Jim Prisching/Associated Press

Since OTAs are over and training camp is still weeks away, the vast majority of contract negotiations are over, and those that are still unsettled are likely to drag into late July or August.

With little threat of a new albatross contract lapping the field, the dog days of the NFL off-season are the perfect time to examine the game’s worst contracts. With the help of some interactive visualizations from PointAfter, I’ll lay out the most overpaid players at each position.

Players who were signed to be backups won’t be considered in this exercise. Guys who lost their starting jobs over the course of their contract, however, are obviously fair game.

Note: All salary figures are according to Spotrac.

Quarterback: Jay Cutler

Profile Wrapper | PointAfter

Among full-time starters, Jay Cutler’s 2014 production relative to his base salary (third data point from the right) lies the farthest under the trend line in the graph below. Even if you ignore the ghastly amount of turnovers Jay Cutler can unleash on any given Sunday, he still provides the least bang for your buck among every starter in the league in terms of passing yards.

2014 Base Salary vs. Passing Yards per Game | PointAfter

Cutler is the only quarterback in the league whose contract tops $125 million in total value, and although he’s not likely to see the end of that contract nor most of the performance incentives that drive up its grand total, the Bears embattled No. 1 quarterback undoubtedly the most overpaid man at his position.

RB #1: Jonathan Stewart

Profile Wrapper | PointAfter

Grossly overpaid running backs are becoming a rarity in the NFL, as front offices are understandably cautious in committing big money to a position largely regarded as replaceable.

The contract the Panthers gave Jonathan Stewart in 2012 was one of the last of its kind: a five-year, $36.5 million extension that currently ranks as the fifth-richest deal for a running back. For a player who’s never been a full-time starter in the NFL and has gone on to rush for just 1,325 yards in the three injury-shortened seasons since signing the deal (Stewart has missed 21 games due to injuries), the money Stewart is owed in the coming years is a daunting obstacle for the Carolina front office.

Jonathan Stewart – Contract Details | PointAfter

RB #2: Donald Brown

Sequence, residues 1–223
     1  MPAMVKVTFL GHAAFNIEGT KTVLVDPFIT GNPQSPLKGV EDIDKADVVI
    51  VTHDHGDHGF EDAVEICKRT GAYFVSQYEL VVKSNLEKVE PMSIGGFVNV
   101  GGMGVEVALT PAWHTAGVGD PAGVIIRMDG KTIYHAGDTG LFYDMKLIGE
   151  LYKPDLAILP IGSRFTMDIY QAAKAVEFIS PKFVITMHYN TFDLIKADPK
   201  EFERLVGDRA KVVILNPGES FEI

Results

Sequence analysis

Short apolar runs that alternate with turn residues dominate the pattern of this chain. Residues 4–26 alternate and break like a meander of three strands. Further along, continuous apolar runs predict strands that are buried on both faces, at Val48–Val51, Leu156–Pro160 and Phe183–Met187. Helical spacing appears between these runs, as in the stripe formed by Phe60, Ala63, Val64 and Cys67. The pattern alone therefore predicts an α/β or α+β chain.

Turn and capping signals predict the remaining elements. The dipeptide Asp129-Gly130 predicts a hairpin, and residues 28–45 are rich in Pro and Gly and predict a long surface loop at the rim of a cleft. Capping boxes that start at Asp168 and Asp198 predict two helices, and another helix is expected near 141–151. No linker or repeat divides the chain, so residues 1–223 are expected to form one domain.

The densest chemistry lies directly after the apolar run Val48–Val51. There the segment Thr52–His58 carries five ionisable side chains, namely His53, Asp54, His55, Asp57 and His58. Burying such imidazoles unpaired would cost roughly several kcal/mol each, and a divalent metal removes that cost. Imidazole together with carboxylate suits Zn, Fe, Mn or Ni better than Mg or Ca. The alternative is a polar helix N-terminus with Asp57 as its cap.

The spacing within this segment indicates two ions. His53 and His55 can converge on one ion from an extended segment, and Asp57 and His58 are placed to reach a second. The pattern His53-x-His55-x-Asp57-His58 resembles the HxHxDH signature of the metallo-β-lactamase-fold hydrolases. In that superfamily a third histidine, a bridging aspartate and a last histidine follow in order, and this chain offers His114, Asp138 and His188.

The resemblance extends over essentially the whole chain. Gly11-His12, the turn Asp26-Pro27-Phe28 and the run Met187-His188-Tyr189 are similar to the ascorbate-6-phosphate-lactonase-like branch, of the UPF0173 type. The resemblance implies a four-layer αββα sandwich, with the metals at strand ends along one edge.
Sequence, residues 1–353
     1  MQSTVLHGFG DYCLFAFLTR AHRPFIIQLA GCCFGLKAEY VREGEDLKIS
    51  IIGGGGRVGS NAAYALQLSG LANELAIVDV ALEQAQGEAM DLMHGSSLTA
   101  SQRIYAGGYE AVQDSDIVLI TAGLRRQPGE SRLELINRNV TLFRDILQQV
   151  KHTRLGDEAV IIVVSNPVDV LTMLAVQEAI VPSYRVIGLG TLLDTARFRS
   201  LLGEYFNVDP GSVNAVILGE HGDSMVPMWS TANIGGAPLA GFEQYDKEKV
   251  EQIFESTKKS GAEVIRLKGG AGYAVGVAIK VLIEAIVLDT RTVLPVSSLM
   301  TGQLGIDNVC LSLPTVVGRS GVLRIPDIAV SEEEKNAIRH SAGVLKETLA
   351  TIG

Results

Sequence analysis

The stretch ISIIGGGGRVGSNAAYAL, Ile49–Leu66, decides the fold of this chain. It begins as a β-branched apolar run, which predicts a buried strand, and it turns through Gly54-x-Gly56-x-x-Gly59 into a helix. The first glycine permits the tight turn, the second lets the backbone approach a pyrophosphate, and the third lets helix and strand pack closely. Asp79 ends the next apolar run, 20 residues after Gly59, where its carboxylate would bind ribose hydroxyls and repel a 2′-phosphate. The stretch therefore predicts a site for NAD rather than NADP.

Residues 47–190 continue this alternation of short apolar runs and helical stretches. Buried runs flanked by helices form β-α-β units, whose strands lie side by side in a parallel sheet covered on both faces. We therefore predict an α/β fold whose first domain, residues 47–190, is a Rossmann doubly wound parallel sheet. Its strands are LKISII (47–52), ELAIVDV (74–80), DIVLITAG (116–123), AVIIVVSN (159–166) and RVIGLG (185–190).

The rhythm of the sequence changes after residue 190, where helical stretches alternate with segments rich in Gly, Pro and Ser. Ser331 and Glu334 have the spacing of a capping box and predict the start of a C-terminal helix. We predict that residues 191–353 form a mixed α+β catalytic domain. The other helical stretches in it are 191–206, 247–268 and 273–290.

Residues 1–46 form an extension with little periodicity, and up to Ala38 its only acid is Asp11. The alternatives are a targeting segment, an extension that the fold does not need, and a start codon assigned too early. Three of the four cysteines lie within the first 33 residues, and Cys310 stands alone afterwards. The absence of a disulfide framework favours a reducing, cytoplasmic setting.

Donald Brown Profile | PointAfter

If Brown makes San Diego’s roster this season, he’ll take up nearly $4.1 million on San Diego’s cap. It might actually make more sense for the Chargers to cut up and eat $2.2 million worth of dead money he’d alternatively count for, because Brown won’t be seeing much time on the field, anyway. First-round pick Melvin Gordon, Branden Oliver and Danny Woodhead could ultimately make the 28-year-old a superfluous back.

It was extremely tempting to put Adrian Peterson and his gargantuan $15.4 million 2015 cap hit in this spot. But the possibility remains that Peterson returns from his suspension this year in peak form. Heck, maybe having a year off the gridiron was the best thing for his long-term health.

WR #1: Mike Wallace

Mike Wallace Overview | PointAfter

Mike Wallace made a name for himself in Pittsburgh as a dangerous deep threat for cannon-armed Ben Roethlisberger. The two combined to give defenses headaches, as Wallace averaged eight touchdowns and more than 1,000 yards per season during four campaigns in the Steel City.

But Wallace hasn’t been nearly as consistent since skipping town for a five-year, $60 million deal with Miami that made him the second-highest paid wideout in the game. Citing his atrocious run-blocking and inconsistent connection with Ryan Tannehill, Pro Football Focus had Wallace tied for 53rd in its overall grades for receivers in 2014.

Maybe the speedster will return to his old ways in Minnesota. But Vikings quarterback Teddy Bridgewater is known for having issues with downfield throws, which is how Wallace picks up the vast majority of his yardage. For now, there’s no other receiver who can be considered the most overpaid flanker in the NFL.

WR #2: Riley Cooper

Riley Cooper Overview | PointAfter

Last offseason, the Eagles rewarded Cooper following his breakout 2013 campaign (47 receptions, 835 yards, eight touchdowns) with a five-year, $22.5 million deal. After a mediocre follow-up campaign in 2014 that saw him net just three touchdowns while averaging only 10.5 yards per reception, the deal looks like a vast overreaction.

A glance at Cooper’s seasonal averages: 30 receptions, 418 yards, three touchdowns. And yet, he’s being paid like a bona fide No. 2 receiver. Whoever ends up under center in Philadelphia will need a security blanket for a weakened offensive line, and Cooper doesn’t appear capable of sustaining that role over the long term.